What's 2700 miles among movie-mad friends? That's roughly the distance between Boston and Oakland, where this Saturday and Sunday (March 24-25), and the Saturday and Sunday following (March 31-April 1) the San Francisco Silent Film Festival will be screening the US premiere of Kevin Brownlow's 5 1/2-hour restoration of Abel Gance's "Napoleon." The screenings will be at the 3000-seat Paramount Theatre, a setting worthy of Gance's epic. Manohla Dargis has this article in the Times Arts & Leisure section about "Napoleon."
Gance (1889-1981) was one of the great mad visionaries of cinema, and "Napoleon" stands with "Intolerance" and "Metropolis" as one of cinema's great mad visions. How mad? Instead of saying "Action!" to start a take, he'd discharge a revolver. Bang! "Napoleon" is easily the most colossal biopic ever made (unless, speaking of great mad visions, you consider Hans-Jurgen Syberg's "Our Hitler: A Film from Germany" a biopic).
Those screenings were at Radio City Music Hall, with a full orchestra on the premises, conducted by Coppola pere. The Radio City run was that rare thing in movie history: an honest-to-goodness event. (Even rarer: It was a movie event that was a triumph rather than a debacle.) So much of the wonder of moviegoing -- and this is something that utterly differentiates the movies from the stage -- has to do with extension. What's on the screen in front of you is being shared not just with those in that theater but so many other theaters in so many other places, perhaps even simultaneously: the multiplex as metaphor for the world. Yet part of what made seeing "Napoleon" so amazing was specific to that moment in that place. As Pauline Kael wrote in her New Yorker review, "At Radio City there were as many people in the audience as there were on the screen, and for a spectacle film designed to work on mass emotions a big screen and a crowd make an enormous difference."
"Napoleon" came back to Radio City ten months later, in October. That's when I saw it. Last week I wrote a post about Christian Marclay's "The Clock." Maybe that's the best way to get across the impact of seeing "Napoleon" at Radio City that night. Watching 14 hours of "The Clock" (admittedly, spread over five viewings) is only the second-greatest moviegoing experience of my life. Not that "The Clock" is just "a movie" -- but then neither is "Napoleon." It's at once the greatest novel Victor Hugo never photographed and absolute "visual Berlioz" (as the Globe's Richard Buell wrote when it was shown at what is now the Citi Center's Wang Theatre, in November 1981). Part of the wonder of "Napoleon" is how something so shamelessly, magniloquently 19th century in content and sensibility should take the form of state-of-the-art 20th-century technology (as it then was).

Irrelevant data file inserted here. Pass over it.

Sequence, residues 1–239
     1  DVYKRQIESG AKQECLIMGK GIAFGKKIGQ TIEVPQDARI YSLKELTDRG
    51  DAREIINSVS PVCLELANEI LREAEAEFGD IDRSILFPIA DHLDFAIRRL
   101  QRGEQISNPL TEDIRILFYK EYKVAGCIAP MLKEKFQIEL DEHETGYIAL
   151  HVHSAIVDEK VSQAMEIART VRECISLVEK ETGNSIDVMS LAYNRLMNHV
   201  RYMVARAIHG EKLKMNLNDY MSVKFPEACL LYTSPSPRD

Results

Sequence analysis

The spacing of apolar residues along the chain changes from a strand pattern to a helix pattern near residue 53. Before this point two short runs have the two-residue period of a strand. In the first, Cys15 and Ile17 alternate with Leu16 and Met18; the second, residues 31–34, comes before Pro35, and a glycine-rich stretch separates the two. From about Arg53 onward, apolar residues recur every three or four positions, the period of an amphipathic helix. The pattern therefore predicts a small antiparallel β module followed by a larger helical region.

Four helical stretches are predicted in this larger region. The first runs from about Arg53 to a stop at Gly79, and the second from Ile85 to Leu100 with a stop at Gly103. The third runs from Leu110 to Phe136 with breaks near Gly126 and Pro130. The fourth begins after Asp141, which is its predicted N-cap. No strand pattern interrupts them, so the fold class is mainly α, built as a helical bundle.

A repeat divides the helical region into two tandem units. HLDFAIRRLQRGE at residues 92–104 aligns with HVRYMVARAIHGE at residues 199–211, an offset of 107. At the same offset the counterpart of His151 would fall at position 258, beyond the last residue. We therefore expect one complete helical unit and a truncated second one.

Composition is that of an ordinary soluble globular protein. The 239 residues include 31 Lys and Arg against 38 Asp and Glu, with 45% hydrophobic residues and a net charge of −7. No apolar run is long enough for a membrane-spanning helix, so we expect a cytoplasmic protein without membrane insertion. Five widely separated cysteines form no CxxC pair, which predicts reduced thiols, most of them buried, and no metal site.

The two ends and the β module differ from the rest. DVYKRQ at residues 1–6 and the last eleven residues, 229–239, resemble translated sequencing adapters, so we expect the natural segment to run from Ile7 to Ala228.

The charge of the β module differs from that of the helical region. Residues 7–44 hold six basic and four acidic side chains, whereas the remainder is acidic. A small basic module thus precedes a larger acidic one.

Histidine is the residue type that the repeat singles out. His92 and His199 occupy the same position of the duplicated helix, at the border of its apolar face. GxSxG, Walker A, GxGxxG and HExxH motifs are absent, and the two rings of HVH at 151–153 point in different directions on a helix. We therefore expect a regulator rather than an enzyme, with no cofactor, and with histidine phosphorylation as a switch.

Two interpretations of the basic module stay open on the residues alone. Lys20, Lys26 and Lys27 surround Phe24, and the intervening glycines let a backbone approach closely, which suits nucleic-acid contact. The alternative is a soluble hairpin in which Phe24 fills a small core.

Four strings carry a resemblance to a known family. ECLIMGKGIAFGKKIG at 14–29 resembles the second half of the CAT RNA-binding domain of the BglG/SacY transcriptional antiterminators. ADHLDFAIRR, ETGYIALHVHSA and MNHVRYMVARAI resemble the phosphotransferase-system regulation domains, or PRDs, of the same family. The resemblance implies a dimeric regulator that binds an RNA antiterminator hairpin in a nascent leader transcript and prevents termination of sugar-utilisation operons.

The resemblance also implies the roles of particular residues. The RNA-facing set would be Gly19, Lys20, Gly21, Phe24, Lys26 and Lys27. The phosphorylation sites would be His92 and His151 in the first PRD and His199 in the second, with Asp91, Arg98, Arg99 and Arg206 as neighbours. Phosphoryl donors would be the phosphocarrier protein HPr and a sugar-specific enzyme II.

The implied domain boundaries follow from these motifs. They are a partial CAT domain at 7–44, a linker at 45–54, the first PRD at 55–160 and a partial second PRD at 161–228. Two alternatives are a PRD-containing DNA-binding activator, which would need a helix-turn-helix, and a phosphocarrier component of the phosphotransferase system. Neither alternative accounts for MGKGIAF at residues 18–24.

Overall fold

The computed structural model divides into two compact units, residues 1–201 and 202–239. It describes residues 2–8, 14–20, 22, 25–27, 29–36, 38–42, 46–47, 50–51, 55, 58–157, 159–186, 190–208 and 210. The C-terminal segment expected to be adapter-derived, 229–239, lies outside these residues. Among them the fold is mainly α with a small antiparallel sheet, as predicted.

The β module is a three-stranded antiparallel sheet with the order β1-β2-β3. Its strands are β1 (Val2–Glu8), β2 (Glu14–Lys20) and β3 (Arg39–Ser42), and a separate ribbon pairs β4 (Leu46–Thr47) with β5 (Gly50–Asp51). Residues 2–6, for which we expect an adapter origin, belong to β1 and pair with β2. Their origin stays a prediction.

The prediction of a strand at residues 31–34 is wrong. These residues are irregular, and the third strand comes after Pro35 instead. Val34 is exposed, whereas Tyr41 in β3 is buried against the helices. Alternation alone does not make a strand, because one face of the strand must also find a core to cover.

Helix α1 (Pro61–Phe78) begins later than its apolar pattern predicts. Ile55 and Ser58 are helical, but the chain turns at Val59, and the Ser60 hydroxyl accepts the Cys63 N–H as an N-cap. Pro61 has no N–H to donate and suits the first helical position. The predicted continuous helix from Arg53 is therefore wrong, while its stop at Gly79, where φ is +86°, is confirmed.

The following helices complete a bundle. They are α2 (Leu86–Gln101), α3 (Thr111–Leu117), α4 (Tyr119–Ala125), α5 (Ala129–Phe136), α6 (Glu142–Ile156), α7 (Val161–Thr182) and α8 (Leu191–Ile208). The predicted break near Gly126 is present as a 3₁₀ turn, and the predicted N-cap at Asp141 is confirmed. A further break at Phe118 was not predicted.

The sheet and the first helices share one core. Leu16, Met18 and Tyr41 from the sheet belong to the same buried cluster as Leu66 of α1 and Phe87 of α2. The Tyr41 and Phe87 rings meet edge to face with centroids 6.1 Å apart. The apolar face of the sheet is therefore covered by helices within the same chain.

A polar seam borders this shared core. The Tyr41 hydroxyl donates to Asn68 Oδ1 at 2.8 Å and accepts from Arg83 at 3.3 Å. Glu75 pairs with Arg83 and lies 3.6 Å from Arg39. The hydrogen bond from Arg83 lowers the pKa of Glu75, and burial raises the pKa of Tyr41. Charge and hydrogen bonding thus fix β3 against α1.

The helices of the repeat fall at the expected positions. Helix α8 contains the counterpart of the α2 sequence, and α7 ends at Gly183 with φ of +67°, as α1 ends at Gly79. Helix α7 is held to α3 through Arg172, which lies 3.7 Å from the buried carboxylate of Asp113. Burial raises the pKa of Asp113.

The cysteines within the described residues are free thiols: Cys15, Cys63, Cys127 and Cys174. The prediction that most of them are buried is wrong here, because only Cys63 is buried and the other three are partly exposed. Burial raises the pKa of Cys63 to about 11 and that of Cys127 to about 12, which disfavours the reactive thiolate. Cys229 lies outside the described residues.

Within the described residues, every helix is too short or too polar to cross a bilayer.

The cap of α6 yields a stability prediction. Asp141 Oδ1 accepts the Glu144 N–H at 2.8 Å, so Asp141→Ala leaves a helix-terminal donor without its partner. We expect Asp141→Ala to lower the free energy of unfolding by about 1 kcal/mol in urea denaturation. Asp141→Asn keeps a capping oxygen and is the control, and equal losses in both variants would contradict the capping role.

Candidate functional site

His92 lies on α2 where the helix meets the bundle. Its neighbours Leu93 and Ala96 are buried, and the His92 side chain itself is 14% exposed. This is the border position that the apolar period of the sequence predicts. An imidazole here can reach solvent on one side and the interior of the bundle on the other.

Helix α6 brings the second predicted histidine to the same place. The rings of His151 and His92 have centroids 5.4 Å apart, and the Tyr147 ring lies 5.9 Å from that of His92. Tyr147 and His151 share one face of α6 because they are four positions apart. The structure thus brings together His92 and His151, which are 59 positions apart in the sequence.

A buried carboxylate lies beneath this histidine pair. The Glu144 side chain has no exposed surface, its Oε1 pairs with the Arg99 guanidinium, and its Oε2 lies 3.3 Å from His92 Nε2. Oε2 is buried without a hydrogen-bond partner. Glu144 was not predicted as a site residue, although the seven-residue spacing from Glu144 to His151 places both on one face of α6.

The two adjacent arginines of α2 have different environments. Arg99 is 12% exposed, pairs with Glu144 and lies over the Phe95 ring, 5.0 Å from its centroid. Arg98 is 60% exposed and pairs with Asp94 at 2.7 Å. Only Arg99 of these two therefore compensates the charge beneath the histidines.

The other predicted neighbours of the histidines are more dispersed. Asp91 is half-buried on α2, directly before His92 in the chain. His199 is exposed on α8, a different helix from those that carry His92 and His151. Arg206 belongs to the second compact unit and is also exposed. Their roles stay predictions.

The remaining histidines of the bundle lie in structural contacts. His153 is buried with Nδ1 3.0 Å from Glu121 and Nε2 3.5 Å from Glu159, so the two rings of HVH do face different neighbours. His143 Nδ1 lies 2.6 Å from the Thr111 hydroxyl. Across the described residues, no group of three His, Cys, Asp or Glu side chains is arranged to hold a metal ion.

When people talk about how technically innovative "Napoleon" was they invariably mean its use of Polyvision. That was Gance's term for a process whereby the screen becomes a triptych at the movie's climax, when Bonaparte leads his army into Italy. What's even more startling -- it's flat-out overwhelming -- is when Gance superimposes on a close-up of Napoleon in the center panel a speeded-up, double-exposed image of the conquest of Italy that awaits. Forget visual Berlioz. This is visual William James, visual James Joyce: filmed stream of consciousness. There'd be nothing like it in a movie, at least not that I can think of, until that light show toward the end of "2001: A Space Odyssey," 40 years later -- and Kubrick did it with a gratuitousness quite unlike Gance. "Napoleon" as a whole is my greatest moviegoing experience (the snowball fight! the unfurling of the tricolor as Bonaparte escapes Nelson!) -- but the most thrilling is that visualization of stream of consciousness. It's like the Eroica played on airplane propellers -- and sounding even better than Furtwangler conducting it. The actor Gance cast as Napoleon is named Albert Dieudonne. In English, that surname means "God given." Watching the movie Dieudonne stars in, it seems as though those words could be interchangeable with "Gance given." You say that sounds far-fetched? Make it to one of those screenings in Oakland, then let's talk.
About Movie Nation
ContributorsTy Burr is a film critic with The Boston Globe.
Mark Feeney is an arts writer for The Boston Globe.
Janice Page is movies editor for The Boston Globe.
Tom Russo is a regular correspondent for the Movies section and writes a weekly column on DVD releases.
Katie McLeod is Boston.com's features editor.
Rachel Raczka is a producer for Lifestyle and Arts & Entertainment at Boston.com.
Glenn Yoder is an Arts & Entertainment producer at Boston.com.
Emily Wright is an Arts & Entertainment producer for Boston.com.
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